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circa 2009/2010


This is part two of a two part index of an oral history interview with Opal Pannell. The exact date of the interview is not known, but it was conducted between 2009-2010. The interviewers are Shannon Carter and James Conrad.

This interview focuses on Opal Pannell's memories of growing up in Neylandville, Texas and her experiences as a student and cafeteria worker at East Texas State University, now Texas A&M University-Commerce.

Opal Pannell grew up in Neylandville, Texas, an all-Black community near Greenville, Texas. Her parents Artie and Vivian Brigham were farmers. Pannell attended high school at St. Paul High School in Neylandville. She recalls that the school received quite a bit of support from East Texas State Teachers College. The university provided schoolbooks and football uniforms and allowed the school to use the stadium to play football games. Pannell graduated high school in 1948 and attended Jarvis Christian College. She later received a basketball scholarship to Butler College in Tyler, Texas. She left college before graduating to go to work.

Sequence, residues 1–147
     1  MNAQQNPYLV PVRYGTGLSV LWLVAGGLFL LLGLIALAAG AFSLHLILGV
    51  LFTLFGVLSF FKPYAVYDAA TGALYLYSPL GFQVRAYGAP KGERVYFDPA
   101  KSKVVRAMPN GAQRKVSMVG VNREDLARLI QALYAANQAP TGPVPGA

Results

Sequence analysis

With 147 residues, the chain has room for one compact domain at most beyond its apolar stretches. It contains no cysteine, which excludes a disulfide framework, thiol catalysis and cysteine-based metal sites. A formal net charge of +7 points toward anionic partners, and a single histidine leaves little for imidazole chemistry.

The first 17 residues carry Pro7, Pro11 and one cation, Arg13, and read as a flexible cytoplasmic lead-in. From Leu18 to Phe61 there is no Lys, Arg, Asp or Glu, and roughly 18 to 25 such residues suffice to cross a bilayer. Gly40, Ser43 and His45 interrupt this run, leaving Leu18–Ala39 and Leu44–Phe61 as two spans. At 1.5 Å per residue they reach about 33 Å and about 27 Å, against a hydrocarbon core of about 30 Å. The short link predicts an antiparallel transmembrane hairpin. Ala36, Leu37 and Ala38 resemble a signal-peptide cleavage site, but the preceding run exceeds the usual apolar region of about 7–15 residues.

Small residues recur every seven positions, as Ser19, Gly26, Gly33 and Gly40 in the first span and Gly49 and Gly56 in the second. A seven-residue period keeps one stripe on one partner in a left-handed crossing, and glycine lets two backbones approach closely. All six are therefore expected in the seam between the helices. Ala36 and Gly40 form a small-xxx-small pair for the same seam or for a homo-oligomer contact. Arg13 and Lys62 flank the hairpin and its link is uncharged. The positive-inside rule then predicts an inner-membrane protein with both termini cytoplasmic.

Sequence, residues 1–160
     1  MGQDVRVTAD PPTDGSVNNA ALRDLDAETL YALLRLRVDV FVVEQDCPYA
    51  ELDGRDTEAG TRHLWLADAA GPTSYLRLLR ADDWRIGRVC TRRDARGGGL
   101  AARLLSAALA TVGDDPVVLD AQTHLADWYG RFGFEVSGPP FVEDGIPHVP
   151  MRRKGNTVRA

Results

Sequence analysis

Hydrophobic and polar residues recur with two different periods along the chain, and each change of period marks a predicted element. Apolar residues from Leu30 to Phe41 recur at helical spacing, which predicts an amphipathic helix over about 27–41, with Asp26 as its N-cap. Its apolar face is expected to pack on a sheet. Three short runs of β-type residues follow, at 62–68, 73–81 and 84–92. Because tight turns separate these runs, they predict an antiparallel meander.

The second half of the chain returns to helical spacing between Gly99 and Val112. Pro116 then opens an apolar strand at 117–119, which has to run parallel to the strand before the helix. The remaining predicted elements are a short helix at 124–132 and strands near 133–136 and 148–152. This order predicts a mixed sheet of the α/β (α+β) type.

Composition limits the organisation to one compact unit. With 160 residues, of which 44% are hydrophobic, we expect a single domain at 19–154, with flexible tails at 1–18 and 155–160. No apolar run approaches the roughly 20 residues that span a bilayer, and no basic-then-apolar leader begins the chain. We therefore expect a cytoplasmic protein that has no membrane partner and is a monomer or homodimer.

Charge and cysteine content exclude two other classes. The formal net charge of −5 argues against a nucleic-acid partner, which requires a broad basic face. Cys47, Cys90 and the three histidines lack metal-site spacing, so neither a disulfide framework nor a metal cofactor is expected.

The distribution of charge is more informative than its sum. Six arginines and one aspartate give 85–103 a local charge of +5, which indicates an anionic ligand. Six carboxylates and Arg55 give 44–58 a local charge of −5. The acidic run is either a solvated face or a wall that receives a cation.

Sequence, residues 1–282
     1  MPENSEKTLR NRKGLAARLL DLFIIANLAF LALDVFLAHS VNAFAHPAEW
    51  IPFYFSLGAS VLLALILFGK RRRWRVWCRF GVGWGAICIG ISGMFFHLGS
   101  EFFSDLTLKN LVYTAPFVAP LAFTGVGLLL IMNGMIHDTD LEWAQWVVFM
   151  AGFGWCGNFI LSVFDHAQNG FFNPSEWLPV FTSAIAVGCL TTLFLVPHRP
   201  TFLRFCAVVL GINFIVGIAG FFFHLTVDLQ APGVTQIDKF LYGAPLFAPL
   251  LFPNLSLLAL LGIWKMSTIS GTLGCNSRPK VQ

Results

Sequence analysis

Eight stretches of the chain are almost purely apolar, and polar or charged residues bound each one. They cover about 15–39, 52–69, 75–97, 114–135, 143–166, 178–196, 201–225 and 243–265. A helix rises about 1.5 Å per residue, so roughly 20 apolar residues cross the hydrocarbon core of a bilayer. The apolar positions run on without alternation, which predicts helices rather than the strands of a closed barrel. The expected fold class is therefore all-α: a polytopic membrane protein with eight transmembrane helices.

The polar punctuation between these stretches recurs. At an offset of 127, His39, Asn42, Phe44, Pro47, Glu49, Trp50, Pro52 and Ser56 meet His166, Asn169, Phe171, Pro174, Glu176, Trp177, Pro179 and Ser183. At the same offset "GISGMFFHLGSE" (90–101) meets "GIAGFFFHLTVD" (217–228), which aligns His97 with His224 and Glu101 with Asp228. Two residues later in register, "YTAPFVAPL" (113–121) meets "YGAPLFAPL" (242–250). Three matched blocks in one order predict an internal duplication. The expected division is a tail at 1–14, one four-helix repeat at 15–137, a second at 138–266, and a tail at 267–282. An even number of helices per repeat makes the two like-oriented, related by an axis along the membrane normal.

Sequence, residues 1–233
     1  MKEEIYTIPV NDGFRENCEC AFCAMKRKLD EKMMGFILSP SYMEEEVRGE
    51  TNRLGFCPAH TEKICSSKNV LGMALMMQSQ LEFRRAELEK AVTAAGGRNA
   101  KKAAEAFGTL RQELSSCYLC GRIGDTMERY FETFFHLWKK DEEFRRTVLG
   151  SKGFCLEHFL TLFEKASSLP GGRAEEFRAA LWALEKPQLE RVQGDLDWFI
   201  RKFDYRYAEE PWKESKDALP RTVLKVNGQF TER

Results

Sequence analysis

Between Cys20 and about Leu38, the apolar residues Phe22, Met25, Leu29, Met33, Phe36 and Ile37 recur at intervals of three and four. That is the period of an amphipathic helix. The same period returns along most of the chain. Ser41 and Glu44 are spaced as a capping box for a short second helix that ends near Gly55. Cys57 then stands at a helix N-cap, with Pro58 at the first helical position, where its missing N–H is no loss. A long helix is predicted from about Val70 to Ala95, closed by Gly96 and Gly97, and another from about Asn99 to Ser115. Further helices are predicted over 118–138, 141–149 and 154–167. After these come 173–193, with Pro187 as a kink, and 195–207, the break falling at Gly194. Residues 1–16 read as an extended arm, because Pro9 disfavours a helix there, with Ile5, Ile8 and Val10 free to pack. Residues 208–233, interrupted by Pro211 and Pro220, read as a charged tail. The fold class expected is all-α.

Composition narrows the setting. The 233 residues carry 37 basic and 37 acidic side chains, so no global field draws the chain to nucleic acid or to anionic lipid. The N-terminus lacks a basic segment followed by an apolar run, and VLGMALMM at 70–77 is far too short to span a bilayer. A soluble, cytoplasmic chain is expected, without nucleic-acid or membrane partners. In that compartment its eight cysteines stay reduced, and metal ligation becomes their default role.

Pannell moved to Commerce, Texas in 1954. She enrolled in East Texas State University (ETSU) in 1970. While attending the university, she worked in the cafeteria. Panell recalled an event from 1962 when cafeteria workers walked off the job, demanding better pay. The walk-out lasted one day.

Pannell was also one of the founding members of the Norris Community Club in Commerce, which was formed to improve living conditions in the local Black community. The organization fought for basic improvements, including indoor plumbing, street repair, and low-income housing. Aside from working to improve the infrastructure in the Norris Community, the Norris Community Club also worked to elect African Americans to the city council, the school board, and other civic bodies to ensure that the African American population of Commerce had a voice in the community.








Special Collections and University Archives



Opal Pannell, Oral History Index, Part Two of Two


Neylandville (Tex.); Commerce (Tex.); African Americans -- History; East Texas State University -- Alumni and alumnae; East Texas State University -- Employees


Norris Community; Norris Community Club; Texas A&M University-Commerce; TAMUC; ETSU



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